"I pour the things that are supposed to make us happy, but they are just fillers in a vessel that is slowly leaking."

Just adding "in" after pour makes it clearer:

"I pour in the things that are supposed to make us happy, but they are just fillers in a vessel that is slowly leaking."

However, I think ridding some extraneous words can be even better.

"I pour in things supposed to make us happy, but they are only fillers in a vessel slowly leaking."

However, "pour in" still doesn't seem quite right to my ear; personalize it:

"I drink in things supposed to make us happy ("us" - in two letters I encompass the human race); they are but liquid filler in a vessel slowly leaking."

Something along those lines... I'm sure you can do better than my examples.

Super minor: delete the typo "r" on "your pick up the pieces."

Your writing and idea are excellent here. A little similar editing/rewriting to the final pragraph will flesh it out. :)

dither
April 18th, 2015, 03:32 PM
first drafts always have a rawness and edge that often gets lost when there then polished and refined...........you can achieve both i guess but i do like first drafts.
I totally agree with this, polishing and refining is a skill i've yet to learn but then i'm still trying to write lol, but how far does one go with p&r?
Keep it raw imo and just sleep on it.

dither
April 18th, 2015, 03:34 PM
It's been said that depression is like a mental furnace, so debilitating that you can scarcely move from your bed, and so silent that it hangs over your face like a fringe. With characters, what can cause someone to do something drastic, though? If you write about depressed people, make it so strong that it encompasses all depression, so angry that it burns like laser vision. You can fish a lot out of this murky pond.

I hope you do.

ShadowEyes, anger is not something that i'd associate with deression.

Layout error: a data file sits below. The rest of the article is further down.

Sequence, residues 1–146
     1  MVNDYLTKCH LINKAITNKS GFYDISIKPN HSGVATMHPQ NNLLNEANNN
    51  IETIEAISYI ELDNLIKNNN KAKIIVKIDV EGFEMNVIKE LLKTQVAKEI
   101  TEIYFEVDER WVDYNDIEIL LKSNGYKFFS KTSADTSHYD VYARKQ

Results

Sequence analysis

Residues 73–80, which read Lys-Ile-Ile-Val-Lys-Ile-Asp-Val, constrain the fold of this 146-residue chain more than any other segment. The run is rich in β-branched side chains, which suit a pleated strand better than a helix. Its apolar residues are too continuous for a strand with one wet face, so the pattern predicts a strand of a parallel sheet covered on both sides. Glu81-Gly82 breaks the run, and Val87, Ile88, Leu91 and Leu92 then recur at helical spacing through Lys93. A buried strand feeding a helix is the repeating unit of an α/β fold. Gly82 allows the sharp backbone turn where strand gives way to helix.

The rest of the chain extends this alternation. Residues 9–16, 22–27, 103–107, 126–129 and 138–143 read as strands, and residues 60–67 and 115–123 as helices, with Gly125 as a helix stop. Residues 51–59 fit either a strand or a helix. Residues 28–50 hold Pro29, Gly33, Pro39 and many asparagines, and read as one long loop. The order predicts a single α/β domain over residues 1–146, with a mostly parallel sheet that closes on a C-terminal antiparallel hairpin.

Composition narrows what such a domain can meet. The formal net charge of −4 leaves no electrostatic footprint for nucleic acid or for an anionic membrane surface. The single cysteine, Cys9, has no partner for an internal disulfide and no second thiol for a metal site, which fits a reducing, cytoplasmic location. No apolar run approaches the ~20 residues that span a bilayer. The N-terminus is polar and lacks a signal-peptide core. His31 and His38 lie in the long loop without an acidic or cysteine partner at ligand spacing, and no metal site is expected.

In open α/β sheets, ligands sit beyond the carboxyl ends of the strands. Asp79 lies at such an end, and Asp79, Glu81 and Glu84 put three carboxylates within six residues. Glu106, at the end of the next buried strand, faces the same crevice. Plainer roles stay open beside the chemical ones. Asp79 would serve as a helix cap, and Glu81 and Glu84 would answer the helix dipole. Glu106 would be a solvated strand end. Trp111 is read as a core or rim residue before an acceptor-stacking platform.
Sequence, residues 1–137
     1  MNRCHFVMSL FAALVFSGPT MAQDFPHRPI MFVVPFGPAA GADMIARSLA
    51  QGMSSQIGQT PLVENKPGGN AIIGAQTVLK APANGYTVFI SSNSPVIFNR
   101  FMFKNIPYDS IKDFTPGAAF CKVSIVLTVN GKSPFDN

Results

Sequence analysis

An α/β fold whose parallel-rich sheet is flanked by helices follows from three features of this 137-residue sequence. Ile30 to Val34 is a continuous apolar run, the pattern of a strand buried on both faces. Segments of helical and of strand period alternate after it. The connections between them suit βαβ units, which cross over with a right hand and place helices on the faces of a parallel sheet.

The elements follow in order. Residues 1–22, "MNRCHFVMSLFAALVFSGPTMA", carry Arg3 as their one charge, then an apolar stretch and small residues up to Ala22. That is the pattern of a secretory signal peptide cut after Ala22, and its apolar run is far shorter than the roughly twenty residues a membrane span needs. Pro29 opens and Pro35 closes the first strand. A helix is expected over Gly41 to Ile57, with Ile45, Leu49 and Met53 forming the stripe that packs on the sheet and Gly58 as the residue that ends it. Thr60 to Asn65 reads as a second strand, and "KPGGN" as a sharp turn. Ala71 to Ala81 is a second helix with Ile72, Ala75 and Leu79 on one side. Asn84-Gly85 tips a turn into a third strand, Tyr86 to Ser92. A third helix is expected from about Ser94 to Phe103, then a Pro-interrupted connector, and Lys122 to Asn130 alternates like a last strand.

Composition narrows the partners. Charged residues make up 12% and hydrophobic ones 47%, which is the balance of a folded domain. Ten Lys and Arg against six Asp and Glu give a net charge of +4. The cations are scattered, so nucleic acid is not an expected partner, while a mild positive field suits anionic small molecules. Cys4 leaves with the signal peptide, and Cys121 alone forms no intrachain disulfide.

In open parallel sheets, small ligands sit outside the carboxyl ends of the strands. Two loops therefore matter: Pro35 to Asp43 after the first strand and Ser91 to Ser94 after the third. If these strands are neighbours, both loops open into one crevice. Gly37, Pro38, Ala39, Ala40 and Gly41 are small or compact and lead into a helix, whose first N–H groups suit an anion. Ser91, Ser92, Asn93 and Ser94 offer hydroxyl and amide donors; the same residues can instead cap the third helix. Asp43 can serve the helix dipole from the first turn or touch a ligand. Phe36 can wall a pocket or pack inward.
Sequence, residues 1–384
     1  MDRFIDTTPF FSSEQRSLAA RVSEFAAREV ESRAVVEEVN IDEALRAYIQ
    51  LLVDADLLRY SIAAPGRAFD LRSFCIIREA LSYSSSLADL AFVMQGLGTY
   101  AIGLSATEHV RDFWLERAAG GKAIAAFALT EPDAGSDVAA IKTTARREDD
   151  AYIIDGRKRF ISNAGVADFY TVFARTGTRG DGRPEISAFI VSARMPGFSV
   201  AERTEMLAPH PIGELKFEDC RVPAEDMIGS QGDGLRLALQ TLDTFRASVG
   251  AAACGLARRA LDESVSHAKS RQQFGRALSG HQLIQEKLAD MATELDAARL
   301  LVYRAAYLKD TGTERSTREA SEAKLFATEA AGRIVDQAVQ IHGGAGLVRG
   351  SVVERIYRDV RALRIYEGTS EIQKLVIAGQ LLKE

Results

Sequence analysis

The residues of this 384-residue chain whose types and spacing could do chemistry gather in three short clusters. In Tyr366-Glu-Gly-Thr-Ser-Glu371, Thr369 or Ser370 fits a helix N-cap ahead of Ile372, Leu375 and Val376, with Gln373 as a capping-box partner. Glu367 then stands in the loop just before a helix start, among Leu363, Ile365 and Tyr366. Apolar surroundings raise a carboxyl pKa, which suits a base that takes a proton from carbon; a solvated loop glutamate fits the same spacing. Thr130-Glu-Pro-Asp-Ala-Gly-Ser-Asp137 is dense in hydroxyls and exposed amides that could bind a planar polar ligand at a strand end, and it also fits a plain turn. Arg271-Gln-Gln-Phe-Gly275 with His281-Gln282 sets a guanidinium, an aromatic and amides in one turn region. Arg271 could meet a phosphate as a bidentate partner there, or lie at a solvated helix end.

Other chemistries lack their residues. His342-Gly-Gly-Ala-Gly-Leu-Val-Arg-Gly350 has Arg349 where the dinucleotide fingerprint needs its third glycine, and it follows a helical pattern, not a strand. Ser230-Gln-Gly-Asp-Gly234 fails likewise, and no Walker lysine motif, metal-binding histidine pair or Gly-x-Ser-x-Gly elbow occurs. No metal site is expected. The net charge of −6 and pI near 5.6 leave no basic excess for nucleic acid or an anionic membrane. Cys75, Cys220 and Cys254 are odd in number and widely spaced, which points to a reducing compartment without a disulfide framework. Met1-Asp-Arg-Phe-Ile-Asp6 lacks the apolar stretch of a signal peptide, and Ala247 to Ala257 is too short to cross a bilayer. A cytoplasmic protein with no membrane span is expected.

Sadness, disappointment and resignation is all i see but then i'm old.

StephLondon
April 27th, 2015, 01:23 PM
This was powerful. I can't believe you wrote it randomly. It sounds like the basis for a really interesting character. Personally, my favorite characters to write are ones devoid of hope and happiness, that are okay with giving into their darker side. I only really have two critiques. The first being that you use "I have" a lot which, in my head, reads awkwardly. Maybe change a couple to "I've?" My second critique, please don't stop writing this. It's amazing, honestly. I'm really glad I was able to read it.

Blade
April 27th, 2015, 07:26 PM
I found this to be an engaging piece which could be expanded without any loss of life. One line in particular is striking:


Of course, sometimes I have believed I have found it, that I have plucked my rare gem from a mountain of soot and decay, but upon closer look, it becomes apparent that it is only an imitation of what I have been looking for.

First of all it suggests the question of how do you go about looking for something if you don't know what it is but also it seems to assume that the attitude of defeat takes priority over actual experience. i.e. The fact that it is found decrees its devaluation.:scratch: This is certainly not an optimistic approach.:cower:

Cardboardzen
May 3rd, 2015, 02:39 AM
Depression is the master of futility. The God of nihilism. I like the words. I want to put them in my month and taste them. I wonder if they are of substance? Will they bring me nutrition? Probably not. But I like the color of your words.

Glenn_Beckett
May 3rd, 2015, 03:05 AM
One thing I think is particularly interesting about depression, and Plath is pretty great at capturing this, is how boring and empty and just tedious even things you typically enjoy become. Everything starts to ring hollow. You start to dig at that a little, but abstractly. Don't forget to balance the abstract and concrete.